This story was updated on Aug. 31.
Belle Terre Elementary School has been identified as a Title I, Part A school this year.
It joins four other Flagler County public schools that qualify for the federal program which provides financial assistance to schools with high percentages of children from low-income families.
Title I funds provide additional instructional staff, professional development and extended learning programs aimed to raise student achievement in higher-poverty schools.
Five of the district’s nine public schools are listed as Title I. The others are Buddy Taylor Middle School, Bunnell Elementary, Rymfire Elementary and Wadsworth Elementary.
Flagler Palm Coast High School was a Title I school last year but is no longer on the district’s Title I list.
Tammy Yorke, Flagler Schools’ coordinator of federal programs, said the five schools receive an additional $400,000 to $700,000 in federal funds.
“The majority of that goes into additional intervention staff to provide intensive reading and math support. We provide paraprofessionals to help provide small group instruction as well,” Yorke said.
Title I status is based on the percentage of students in school who qualify for free or reduced lunch. Schools that are above the district average are eligible for Title I funds. Belle Terre Elementary had an increase in the number of students who qualify this year. Yorke said 58.71% of the school’s students qualified.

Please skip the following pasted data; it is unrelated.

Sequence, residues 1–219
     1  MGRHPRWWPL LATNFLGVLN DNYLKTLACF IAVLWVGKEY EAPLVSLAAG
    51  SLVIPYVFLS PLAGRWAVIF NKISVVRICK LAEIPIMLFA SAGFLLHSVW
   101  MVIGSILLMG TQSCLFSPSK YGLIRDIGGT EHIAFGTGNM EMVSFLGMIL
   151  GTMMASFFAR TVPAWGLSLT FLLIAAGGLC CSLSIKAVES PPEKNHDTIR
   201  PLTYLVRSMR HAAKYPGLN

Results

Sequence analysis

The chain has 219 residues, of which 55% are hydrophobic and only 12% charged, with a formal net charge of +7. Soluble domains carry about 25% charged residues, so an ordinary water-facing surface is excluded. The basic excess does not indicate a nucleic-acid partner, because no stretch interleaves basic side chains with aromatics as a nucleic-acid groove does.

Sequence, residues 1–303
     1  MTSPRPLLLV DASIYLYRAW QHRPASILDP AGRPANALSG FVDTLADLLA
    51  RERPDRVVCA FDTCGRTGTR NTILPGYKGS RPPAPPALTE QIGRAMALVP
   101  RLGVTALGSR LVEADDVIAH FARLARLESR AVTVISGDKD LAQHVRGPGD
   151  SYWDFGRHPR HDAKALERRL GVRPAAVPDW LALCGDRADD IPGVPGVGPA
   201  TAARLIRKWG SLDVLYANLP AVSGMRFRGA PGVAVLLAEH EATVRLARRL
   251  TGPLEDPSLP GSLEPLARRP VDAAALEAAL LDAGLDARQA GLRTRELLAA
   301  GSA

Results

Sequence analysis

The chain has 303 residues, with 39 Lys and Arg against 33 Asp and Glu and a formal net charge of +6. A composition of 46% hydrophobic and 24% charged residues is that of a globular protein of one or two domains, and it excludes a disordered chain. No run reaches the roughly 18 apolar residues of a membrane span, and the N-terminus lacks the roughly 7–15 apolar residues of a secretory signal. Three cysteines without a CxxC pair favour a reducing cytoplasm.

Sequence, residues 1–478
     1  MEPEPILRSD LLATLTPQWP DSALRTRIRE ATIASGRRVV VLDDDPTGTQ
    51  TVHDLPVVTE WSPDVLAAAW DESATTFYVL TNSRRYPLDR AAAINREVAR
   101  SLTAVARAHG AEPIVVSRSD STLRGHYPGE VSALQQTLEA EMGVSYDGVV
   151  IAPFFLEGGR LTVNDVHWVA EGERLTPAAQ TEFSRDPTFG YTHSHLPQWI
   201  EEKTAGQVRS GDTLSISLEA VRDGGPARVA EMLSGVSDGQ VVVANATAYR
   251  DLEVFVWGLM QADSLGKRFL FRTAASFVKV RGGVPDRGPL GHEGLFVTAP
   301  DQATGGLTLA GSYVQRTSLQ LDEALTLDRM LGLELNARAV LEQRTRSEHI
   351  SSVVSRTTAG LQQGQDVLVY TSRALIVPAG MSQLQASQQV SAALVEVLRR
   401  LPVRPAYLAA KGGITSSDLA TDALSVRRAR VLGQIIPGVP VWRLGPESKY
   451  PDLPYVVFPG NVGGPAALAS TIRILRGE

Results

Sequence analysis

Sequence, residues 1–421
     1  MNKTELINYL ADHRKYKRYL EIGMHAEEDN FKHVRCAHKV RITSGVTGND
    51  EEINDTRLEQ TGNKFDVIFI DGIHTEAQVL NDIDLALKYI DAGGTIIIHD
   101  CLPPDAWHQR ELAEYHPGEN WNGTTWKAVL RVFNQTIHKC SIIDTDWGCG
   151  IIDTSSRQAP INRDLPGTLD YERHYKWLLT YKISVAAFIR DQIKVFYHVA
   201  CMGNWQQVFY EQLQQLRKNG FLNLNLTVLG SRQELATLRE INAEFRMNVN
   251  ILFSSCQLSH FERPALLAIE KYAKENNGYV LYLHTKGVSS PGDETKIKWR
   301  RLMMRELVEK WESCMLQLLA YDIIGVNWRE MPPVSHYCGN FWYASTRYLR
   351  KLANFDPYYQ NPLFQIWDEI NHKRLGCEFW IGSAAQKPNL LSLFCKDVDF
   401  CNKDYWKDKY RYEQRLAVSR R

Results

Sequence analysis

Among the district’s other Title I schools, 56.69% of Buddy Taylor students qualified for free or reduced lunch, 67.83% of Rymfire students, 68.24% of Wadsworth students and 72.84% of Bunnell’s students.
With all students in the district now eligible for free lunches through a provision in the National School Lunch Program, the district no longer collects free or reduced lunch applications. So, the percentages are based on students who participate in state assistance programs such as Medicaid and SNAP, Yorke said.
The district receives the data each February to determine which schools qualify for the following school year.
The schools receive a per pupil allocation based on their qualifying numbers, Yorke said.
“There was obviously a change in their demographics,” at Belle Terre, Yorke said.
“What we found is that rentals and housing costs are so astronomical that we have a lot of families (in the county) that do shared housing,” she said. “If you're a single parent, it's very hard to afford $2,000 a month rent. So there are a lot of factors that play into how that trickles down and affects the schools.”
Four nonprofit private schools in Flagler County have also been targeted for federal assistance for students who are educationally disadvantaged and failing or are most at risk of failing to meet high academic standards and reside in Title I, Part A public school zones. They are St. Elizabeth Ann Seton, Christ the King, First Baptist Christian Academy and Suncoast Community School.